Ethics of helping a blind sibling

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Sculptor1
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Re: Ethics of helping a blind sibling

Post by Sculptor1 » September 9th, 2020, 4:56 pm

h_k_s wrote:
September 9th, 2020, 4:53 pm
Looks like @Sculptor1 made a comment of some kind in response to what I posted.

@Sculptor1 you already know that I muted you for violations of logic and clean debate. So you don't need to quote me. I don't respond to you.
Looks like h_k_s is continuing to be utterly irrelevant

Ecurb
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Re: Ethics of helping a blind sibling

Post by Ecurb » September 9th, 2020, 6:17 pm

h_k_s wrote:
September 9th, 2020, 4:52 pm


So at the very least tell us your version's name, such as KJV, or YLT, etc.

It matters.

I own an Authorized (King James) version. I'm not sure why you think accurate translation is so important. Isn't evocative, literate language equally important, to those of us who aren't Fundamentalists? I like the old--fashioned language of the Authorized translation because I imagine the Hebrews of 3000 years ago spoke in old-fashioned Hebrew.

Translation is a large and complicated subject. I was just reading a review of Elena Ferrante's new novel that claimed that the English translation is BETTER than the Italian. IN any event, language the evokes a similar emotional response as the original may be as "good" a translation as one that is more literally accurate. I'm not familiar with the YLT.

If Bob is smart, he will give away everything he owns and follow Jesus, for "It is easier for a camel to go through the eye of a needle, than for a rich man to enter into the kingdom of God." (KJV) Of course people who quote this line forget the follow-up, where Jesus says, "With men this is impossible; but with God all things are possible." Clearly, the difficulty of fitting a camel through the eye of a needle, neat trick though it may be, pales in comparison to entering the kingdom of God. So I'm not sure Bob can take any advice from Matthew 19.

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h_k_s
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Re: Ethics of helping a blind sibling

Post by h_k_s » September 10th, 2020, 1:13 pm

Ecurb wrote:
September 9th, 2020, 6:17 pm
h_k_s wrote:
September 9th, 2020, 4:52 pm


So at the very least tell us your version's name, such as KJV, or YLT, etc.

It matters.

I own an Authorized (King James) version. I'm not sure why you think accurate translation is so important. Isn't evocative, literate language equally important, to those of us who aren't Fundamentalists? I like the old--fashioned language of the Authorized translation because I imagine the Hebrews of 3000 years ago spoke in old-fashioned Hebrew.

Translation is a large and complicated subject. I was just reading a review of Elena Ferrante's new novel that claimed that the English translation is BETTER than the Italian. IN any event, language the evokes a similar emotional response as the original may be as "good" a translation as one that is more literally accurate. I'm not familiar with the YLT.

If Bob is smart, he will give away everything he owns and follow Jesus, for "It is easier for a camel to go through the eye of a needle, than for a rich man to enter into the kingdom of God." (KJV) Of course people who quote this line forget the follow-up, where Jesus says, "With men this is impossible; but with God all things are possible." Clearly, the difficulty of fitting a camel through the eye of a needle, neat trick though it may be, pales in comparison to entering the kingdom of God. So I'm not sure Bob can take any advice from Matthew 19.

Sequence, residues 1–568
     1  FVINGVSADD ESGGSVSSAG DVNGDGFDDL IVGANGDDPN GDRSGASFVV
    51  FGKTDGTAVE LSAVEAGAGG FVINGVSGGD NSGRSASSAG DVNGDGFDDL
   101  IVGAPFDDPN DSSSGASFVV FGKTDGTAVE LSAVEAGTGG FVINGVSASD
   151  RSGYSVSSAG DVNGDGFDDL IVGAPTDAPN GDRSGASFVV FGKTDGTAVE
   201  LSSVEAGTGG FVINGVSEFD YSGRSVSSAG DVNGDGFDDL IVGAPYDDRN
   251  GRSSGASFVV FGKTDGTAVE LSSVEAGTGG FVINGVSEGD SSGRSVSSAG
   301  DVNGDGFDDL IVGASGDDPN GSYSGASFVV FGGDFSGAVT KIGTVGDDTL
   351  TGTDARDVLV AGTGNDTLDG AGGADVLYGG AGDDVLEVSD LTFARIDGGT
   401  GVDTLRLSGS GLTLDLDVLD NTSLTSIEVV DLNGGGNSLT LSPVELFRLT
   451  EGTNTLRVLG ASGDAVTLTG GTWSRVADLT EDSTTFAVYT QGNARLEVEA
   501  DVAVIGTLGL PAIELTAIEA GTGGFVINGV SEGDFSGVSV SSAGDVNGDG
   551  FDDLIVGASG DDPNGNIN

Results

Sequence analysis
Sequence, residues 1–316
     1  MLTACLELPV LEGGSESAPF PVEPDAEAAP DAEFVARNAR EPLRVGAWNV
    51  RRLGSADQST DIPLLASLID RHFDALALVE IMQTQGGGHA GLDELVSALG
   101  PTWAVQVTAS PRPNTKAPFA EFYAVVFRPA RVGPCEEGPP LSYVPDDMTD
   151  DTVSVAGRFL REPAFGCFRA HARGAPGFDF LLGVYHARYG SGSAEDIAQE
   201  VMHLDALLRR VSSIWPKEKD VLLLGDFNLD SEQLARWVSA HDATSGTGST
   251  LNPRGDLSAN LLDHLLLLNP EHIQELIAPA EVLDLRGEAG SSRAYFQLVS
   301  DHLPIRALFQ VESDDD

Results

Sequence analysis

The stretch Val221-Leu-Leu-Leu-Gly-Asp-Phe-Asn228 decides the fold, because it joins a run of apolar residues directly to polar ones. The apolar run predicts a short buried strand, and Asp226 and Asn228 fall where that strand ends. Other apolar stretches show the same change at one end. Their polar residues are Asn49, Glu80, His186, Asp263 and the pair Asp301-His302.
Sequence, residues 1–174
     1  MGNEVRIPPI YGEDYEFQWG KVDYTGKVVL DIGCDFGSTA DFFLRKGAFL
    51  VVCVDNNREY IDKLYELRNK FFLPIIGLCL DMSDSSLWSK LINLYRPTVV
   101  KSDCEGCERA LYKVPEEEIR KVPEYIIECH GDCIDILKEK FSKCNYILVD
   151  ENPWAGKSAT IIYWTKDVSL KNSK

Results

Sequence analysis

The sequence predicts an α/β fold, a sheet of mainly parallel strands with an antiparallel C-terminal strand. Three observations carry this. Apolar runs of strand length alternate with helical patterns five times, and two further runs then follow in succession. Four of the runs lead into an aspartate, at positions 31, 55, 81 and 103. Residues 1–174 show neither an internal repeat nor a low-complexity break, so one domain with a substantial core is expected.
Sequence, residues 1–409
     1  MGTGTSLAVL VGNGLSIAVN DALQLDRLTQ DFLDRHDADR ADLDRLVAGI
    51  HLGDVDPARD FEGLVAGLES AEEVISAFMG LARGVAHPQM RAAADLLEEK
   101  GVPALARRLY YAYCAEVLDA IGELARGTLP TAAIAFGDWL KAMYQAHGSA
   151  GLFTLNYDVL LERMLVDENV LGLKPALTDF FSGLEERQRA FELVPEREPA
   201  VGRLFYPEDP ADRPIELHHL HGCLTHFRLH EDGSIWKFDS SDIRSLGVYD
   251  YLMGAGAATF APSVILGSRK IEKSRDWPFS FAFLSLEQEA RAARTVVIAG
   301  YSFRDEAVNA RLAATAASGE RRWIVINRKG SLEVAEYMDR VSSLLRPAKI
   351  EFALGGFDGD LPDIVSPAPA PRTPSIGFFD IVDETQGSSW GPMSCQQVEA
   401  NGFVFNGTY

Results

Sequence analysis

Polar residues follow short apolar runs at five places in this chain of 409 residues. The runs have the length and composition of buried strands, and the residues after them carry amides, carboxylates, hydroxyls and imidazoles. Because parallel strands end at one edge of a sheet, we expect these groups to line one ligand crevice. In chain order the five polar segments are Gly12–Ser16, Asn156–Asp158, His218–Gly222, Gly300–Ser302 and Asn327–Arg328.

KJV has the most translation errors of any.

Ecurb
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Re: Ethics of helping a blind sibling

Post by Ecurb » September 10th, 2020, 8:54 pm

Translation is an interesting topic. In sonme literary circles, the translator is considered a "co-author". For anyone who is interested, here's a link to a Tim Parks article in "New York Review of Books". I haven't reread it, but noticed it when it came out because I've read several of Parks's books (mainly travel books about Italy, -- he's and Englishman who has taught in Milan for decades, and translated both into and from Italian. https://www.nybooks.com/daily/2019/09/1 ... -our-time/


"Errors" in biblical translation are, I suppose, anethema to devout Christians and Jews. But how does one translate a psalm? Poetry cannot be paraphrased. It depends on the SOUNDS of words, and also on hints of meaning not found in Webster. The KJ psalms sound pretty good to me. Co-authors?

We're getting away from Bob and his blind relatives, but when I was in Grad School (cultural anthropology) one of my mentors was a Harvard man who was the only white man (and one of only a few living humans) to speak Pima and Papago (two languages of people native to southern Arizona). He wrote books with the phonetically transcribed original on one page (these were not written languages), and on the facing page his translation into English. He believed (as is a common issue in cultural anthropology) that (per Sapir/Whorf) "language has a tyranny on thought". So such features of language as tenses, genders, ways of speaking about the future and the past, etc. are essential to the "meaning" of things to Native Speakers. Unfortunarely, his translations, which were so literal that words were out of their normal order, sentences were non-existant, and, in general, the English was completely incomprehnsible to any but the most dedicated English readers.

Ecurb
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Joined: May 9th, 2012, 3:13 pm

Re: Ethics of helping a blind sibling

Post by Ecurb » September 10th, 2020, 9:05 pm

Sorry for the last "sentence", but the meaning is clear.

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